Bleaching creams spread skin cancer in Africa

Bleaching creams spread skin cancer in Africa

Yaounde: Whitening creams are very popular among women all over the world, but from time to time the harms of these creams are revealed, recently in many African countries cases of skin cancer have been reported from the use of such creams.

Jane, 63, from the African country of Cameroon, who used to wear a big hat to protect her face from the harsh rays of the sun, now regrets using skin whitening products after being diagnosed with skin cancer.

Jane Cameron is one of a number of women who used controversial products that have been banned after criticism on social media.

“I feel embarrassed when people look at me,” says a woman vendor selling such products in the capital Yaounde.

On the other hand, after 5 months of developing a sore on her face, Jane went to a doctor, who diagnosed her with cancer, doctors told her that she had developed the cancer from using skin whitening products for 40 years.

There are millions of people like Jane in the world who use skin lightening products.

According to the Cameroon Dermatology Society, in 2019 about 30 percent of residents of the economic capital Douala and a quarter of school girls used bleaching products.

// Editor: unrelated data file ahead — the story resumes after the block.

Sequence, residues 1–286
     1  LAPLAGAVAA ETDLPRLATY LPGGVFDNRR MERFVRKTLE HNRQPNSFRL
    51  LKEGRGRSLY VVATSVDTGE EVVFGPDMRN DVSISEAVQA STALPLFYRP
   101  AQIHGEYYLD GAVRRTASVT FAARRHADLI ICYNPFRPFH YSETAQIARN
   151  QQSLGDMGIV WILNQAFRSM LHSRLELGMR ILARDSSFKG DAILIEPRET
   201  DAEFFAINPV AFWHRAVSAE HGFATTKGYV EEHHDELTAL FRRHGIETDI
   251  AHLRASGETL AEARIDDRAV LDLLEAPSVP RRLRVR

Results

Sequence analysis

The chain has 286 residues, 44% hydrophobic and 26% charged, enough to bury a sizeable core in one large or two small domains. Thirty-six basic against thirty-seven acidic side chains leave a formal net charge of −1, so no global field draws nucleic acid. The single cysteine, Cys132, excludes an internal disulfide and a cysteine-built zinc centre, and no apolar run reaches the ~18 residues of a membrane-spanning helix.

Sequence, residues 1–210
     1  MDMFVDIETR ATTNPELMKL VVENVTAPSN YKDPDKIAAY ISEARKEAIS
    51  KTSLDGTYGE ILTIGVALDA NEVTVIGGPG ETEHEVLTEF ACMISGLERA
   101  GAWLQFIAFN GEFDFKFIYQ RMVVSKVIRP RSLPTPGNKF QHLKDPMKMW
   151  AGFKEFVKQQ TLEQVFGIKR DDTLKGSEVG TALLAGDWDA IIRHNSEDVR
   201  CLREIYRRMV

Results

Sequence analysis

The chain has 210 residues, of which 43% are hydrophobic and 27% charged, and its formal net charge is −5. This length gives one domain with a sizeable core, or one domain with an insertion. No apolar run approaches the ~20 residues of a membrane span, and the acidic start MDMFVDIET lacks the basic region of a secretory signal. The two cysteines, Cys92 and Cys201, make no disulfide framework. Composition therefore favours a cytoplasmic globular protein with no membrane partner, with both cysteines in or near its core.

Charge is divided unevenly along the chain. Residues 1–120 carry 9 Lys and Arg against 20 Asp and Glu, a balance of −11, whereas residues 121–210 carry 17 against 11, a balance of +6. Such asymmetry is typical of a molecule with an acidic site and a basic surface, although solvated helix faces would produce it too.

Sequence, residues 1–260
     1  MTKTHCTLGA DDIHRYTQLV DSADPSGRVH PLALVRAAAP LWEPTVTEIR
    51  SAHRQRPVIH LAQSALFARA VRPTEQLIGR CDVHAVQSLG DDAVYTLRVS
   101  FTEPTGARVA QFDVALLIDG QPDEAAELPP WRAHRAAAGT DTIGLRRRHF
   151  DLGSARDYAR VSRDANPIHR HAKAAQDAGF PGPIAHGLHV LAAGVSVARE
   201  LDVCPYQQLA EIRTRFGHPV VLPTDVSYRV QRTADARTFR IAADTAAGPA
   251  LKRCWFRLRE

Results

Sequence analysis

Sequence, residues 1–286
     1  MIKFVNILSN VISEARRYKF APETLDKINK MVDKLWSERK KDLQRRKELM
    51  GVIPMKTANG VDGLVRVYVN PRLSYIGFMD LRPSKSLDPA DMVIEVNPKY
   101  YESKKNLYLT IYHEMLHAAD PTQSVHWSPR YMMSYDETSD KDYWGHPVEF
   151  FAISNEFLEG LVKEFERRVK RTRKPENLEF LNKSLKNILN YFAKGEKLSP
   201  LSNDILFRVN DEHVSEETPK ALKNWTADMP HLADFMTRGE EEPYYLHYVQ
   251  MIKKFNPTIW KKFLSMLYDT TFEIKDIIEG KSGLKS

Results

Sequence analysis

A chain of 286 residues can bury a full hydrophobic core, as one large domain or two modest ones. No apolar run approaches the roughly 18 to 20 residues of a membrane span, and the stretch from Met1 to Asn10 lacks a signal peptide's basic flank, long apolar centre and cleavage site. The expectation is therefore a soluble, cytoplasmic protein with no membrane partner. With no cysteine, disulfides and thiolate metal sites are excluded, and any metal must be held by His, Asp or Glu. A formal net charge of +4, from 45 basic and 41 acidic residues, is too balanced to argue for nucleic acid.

For some, such as 20-year-old student Annette, the effects of such products can be quite harmful. She says her face has red spots, peeling and burning skin.

My face gets hot in bright sunlight and I have to stop. Products with names like White Na and Super White are instantly recognizable on store shelves by the pictures of fair-skinned women on their packaging. .

The uproar began in the summer when social media users criticized a company selling skin-lightening products belonging to opposition MP Noreen Futsing.

In general, many products have never been scientifically tested, containing dangerous levels of chemicals that inhibit the production of melanin, a substance produced in the body by the heat of the sun.

One of these chemicals is hydroquinone, which was banned by the European Union in 2001 due to its risk of cancer and genetic mutations.

On August 19 this year, Cameroon’s Ministry of Health banned the import, production and distribution of cosmetic and personal hygiene products that contain dangerous substances such as hydroquinone and mercury.

According to the World Health Organization, skin whitening products are commonly used by both men and women in many African, Asian and Caribbean countries.

Black people in Europe and North America also use such products.

Despite the terrible results, men and women believe that they will become more beautiful after using these products.

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